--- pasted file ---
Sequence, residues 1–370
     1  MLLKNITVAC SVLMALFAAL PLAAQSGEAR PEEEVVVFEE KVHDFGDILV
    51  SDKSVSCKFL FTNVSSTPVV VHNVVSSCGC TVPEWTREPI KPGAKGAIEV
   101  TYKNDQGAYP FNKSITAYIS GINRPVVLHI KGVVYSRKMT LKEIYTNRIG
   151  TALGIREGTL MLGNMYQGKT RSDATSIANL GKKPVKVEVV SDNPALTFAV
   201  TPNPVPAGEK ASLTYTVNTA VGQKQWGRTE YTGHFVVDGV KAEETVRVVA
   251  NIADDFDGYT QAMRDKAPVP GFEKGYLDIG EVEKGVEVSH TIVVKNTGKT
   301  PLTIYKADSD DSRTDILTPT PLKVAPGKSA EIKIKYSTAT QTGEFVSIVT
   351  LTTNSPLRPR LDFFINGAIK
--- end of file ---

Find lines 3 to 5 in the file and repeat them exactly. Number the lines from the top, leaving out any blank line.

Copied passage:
    51  SDKSVSCKFL FTNVSSTPVV VHNVVSSCGC TVPEWTREPI KPGAKGAIEV
   101  TYKNDQGAYP FNKSITAYIS GINRPVVLHI KGVVYSRKMT LKEIYTNRIG
   151  TALGIREGTL MLGNMYQGKT RSDATSIANL GKKPVKVEVV SDNPALTFAV